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What is a data breach?

Mathieu

Mathieu

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Since 2016 you are obliged to report certain data breaches, in case you have had one. But when is a data breach really necessary to report? Find out in this article.

A Data Breach

We speak of a data breach when personal data falls into the hands of third parties who should not have access to that data. A data breach is the result of a security problem. The most common data breaches are leaked computer files, although a stolen printed customer list can just as easily constitute a data breach.

Other examples: cyber attacks (including DDos), email sent to wrong addresses, stolen laptops, discarded uncleaned computers and lost USB sticks.

Illegally obtained business data on a production process or market strategy concern valuable information, but do not fall under the common definition of data breach.

If a company telephone is lost or stolen, it may be a data breach. If a private telephone is lost, there is no data breach.

Some extra examples:

An employee has left his business laptop in his car and that laptop has been stolen from the car. That is, of course, a security incident, but is it also a data breach? That depends in the first place on what was on the laptop, of course, but for the example, let’s assume that there were (financial) customer data on the laptop.

Several years ago, one of our partners received an employment agreement from another employee. He could see everything regarding salary, personal data etc. Thus, there may even be a data breach within a company when an employee’s personal data is shared with another employee who is not allowed to inspect it.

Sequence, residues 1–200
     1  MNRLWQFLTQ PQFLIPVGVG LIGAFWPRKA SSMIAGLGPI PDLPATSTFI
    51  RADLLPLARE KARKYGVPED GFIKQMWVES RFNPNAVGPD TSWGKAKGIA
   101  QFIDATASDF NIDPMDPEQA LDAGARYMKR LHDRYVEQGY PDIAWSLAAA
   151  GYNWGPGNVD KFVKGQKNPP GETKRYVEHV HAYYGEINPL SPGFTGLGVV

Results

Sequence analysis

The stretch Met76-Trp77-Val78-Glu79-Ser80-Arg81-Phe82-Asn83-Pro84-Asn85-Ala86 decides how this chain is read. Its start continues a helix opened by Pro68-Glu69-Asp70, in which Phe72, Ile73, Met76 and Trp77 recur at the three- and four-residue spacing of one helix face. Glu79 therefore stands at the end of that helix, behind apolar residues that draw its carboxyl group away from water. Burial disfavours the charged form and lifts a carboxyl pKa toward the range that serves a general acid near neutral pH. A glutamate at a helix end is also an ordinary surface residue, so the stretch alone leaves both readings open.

A good way to secure data is to encrypt it. At that moment, the data becomes a series of numbers and letters that are meaningless. Only if you have the key you can view the data. However, if you lose the key, you will no longer be able to access the data. Others are not either, but the fact remains that the data is therefore unavailable, and that is also a data breach.

When to report a data breach?

So, you have had a data breach, but what’s next? Do you always have to report it? No. Only when there are really bad consequences for those involved. This can be the case when:

personal data of a sensitive nature have leaked. E.g. data on religion or belief, race, political persuasion, health, sexual life, trade union membership or criminal data.

the nature and extent of the breach lead to (a significant likelihood of) serious adverse consequences for the protection of personal data. You may still need to report the data breach if the nature and extent of the breach is such that it leads to (a considerable risk of) serious consequences for the protection of personal data. This will be the case, for example, where a particularly large amount of personal data of large groups of data subjects has leaked.

In both cases stated above, you have to report the data breach within 72 hours to the DPA. Some data breaches should be reported not only to the National DPA but also to the persons to whom the data leaked relate. This is the case if the data breach is likely to have an adverse impact on the privacy of the individuals concerned.

In our plugin, you can find a data breach inventory which will help you decide whether you need to report your data breach or not!

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